Amidst the sudden change in weather, rains took us by surprise in the week gone by, and the entire country ran into chaos, with blocked roads and clogged wadis. With traffic running haywire the most unfortunate ones out on the road were the motorbike riders like me. While we might feel proud riding two wheels on most days, the emotions are totally reversed on days when the weather is not kind — forced to stay indoors or left stranded for hours seeking shelter from the downpour, at some nook nearby the road.
Even if it is not raining that hard, life becomes miserable for the two-wheeled souls, as their four wheeled brothers, for no clear reason turn monsters on the road at slightest hint of droplets from above.
Such haste they make, that all traffic sense and regard of rules becomes non-existent, with sudden change of lanes and over-speeding a common sight: All this in contrast to the experts’ recommendation of going slow when it gets wet on the road. The negligence and disregard of safety warnings and rules only results in the accidents that we witnessed in big numbers even this time.
Most accidents result from drivers not realising how much driving changes in wet weather compared to dry conditions. During rains, the accumulated oil and engine fluids on the tarmac can float on the rainwater and create a slippery road surface before eventually being washed away.
Here are a few golden tips to keeping it safe on the roads and avoid landing up in any nasty situation during a downpour:
Slow Down and Stay Safe
Higher the speed; more the risk. Drive at a slower pace, and brake earlier and more gradually than you would normally. Remember the signed maximum speed limit on the road is for ideal driving conditions; you need to drive slower in wet weather. If it’s raining so hard you can’t see the road or cars in front of you, pull over and wait for the precipitation to lessen. Also use your air conditioner or demister (blower) to keep your windscreen clear of condensation, which drastically diminishes the vision.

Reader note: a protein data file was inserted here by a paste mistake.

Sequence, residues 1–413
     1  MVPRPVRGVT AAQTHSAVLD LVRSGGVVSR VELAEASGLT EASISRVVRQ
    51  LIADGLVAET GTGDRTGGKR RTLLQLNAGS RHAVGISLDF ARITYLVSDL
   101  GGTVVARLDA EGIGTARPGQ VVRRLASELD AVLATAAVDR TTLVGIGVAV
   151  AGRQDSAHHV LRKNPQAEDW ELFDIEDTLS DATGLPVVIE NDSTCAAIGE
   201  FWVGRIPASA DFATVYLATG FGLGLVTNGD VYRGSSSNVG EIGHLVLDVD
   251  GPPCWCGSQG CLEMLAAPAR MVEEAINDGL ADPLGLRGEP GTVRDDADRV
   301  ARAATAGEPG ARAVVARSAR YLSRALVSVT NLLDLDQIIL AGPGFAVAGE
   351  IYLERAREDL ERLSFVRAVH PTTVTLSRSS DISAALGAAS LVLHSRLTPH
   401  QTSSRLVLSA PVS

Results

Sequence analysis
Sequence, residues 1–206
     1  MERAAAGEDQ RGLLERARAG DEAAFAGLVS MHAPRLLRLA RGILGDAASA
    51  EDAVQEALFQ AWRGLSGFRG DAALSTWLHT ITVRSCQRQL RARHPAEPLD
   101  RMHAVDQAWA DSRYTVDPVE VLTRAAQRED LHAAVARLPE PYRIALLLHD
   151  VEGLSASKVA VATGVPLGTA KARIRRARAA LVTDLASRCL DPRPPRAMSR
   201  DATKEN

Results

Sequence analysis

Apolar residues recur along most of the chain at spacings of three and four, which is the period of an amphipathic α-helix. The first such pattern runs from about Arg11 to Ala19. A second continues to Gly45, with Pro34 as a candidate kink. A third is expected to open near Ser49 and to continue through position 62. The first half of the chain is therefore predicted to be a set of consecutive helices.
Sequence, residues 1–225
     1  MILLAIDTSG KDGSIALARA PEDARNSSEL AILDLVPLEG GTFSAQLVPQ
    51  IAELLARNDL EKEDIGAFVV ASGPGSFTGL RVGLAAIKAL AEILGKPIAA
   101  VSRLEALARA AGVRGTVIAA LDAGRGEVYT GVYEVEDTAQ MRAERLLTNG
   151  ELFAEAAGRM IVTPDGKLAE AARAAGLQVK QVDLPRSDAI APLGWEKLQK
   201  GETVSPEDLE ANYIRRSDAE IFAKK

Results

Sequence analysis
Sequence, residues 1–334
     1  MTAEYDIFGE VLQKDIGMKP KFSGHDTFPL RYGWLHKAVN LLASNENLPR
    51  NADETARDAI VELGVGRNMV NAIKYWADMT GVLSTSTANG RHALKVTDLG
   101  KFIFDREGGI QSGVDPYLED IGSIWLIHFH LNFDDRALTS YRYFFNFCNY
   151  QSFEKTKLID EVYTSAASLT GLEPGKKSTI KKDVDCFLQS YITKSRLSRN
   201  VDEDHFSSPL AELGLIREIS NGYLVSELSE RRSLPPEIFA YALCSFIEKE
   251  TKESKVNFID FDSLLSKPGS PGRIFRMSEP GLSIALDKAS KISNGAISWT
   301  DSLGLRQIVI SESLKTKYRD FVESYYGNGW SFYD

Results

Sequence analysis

Make Yourself More Visible
Turning on the headlights will make your vehicle more noticeable to other drivers. A good rule to follow is if your wipers are on, your lights should be as well.
Maintain a Safe Distance
While tailgating is not a good idea in any weather, it’s especially dangerous when roads are wet. Never tailgate during a rainstorm: it can take up to three times the distance usually required to stop your car when road surfaces are wet. Use caution when approaching trucks and buses, as the spray created by their tyres can reduce visibility — both yours and theirs — and pass as quickly as possible when conditions safely allow. Double the distance than what you generally maintain, between you and the vehicle in front.
Prepare your Car for Wet Weather
Check your windshield wipers to see if they need replacing and check your tyres to be sure they are in good condition. Keep your gas tank at least half full to avoid gas line freeze-up. Carry a supply of salt, sand or even kitty litter, as these materials can come in handy if you get stuck. If you do get stuck, place some of the materials around the drive wheels to help gain traction and slowly accelerate.
Avoid Cruise Control
The feature works great in dry conditions, but using it in wet conditions increases the chance of the vehicle losing control. To prevent loss of traction, the driver may need to reduce the car’s speed by lifting off the accelerator, which cannot be accomplished when cruise control is engaged.
Avoid Submerged Surfaces
Floods can occur almost anywhere, especially in the wadis. Do not travel in flooded areas unless it is essential. If you must drive in or near a flooded area, try to view updates on road conditions and head out only if there is a safe possible route.
More importantly, never attempt to drive across a flooded road or bridge. Floodwaters can be fast moving and contain debris. Also, there might be a pothole underneath, which could leave you stuck. Take extra care when driving on a road or bridge that has been recently flooded, as it may be damaged.
What to do if the Car Skids
Avoid slamming brakes; it would lock the wheels and eliminate any control you have over your vehicle. Instead, steer in the direction of the skid while pumping brakes to gradually reduce speed. If the car has antilock brakes (ABS) apply steady, even pressure to the brake pedal.
What to do if the Car Starts to Hydroplane
Hydroplaning is where all four wheels of the car lose contact with the road. In such a situation strictly avoid abrupt braking or turning the wheel. Release the gas pedal slowly and steer straight until the car regains traction. If you must at all brake, do so lightly and gradually.
It is recommended to check weather forecasts and road condition updates, and plan your drive accordingly before heading out on long trips. This will help avoid unsafe driving situations. However, it is best to avoid going out on the road during inclement weather. Rains are best enjoyed with a cup of hot coffee by the window balcony. Be safe.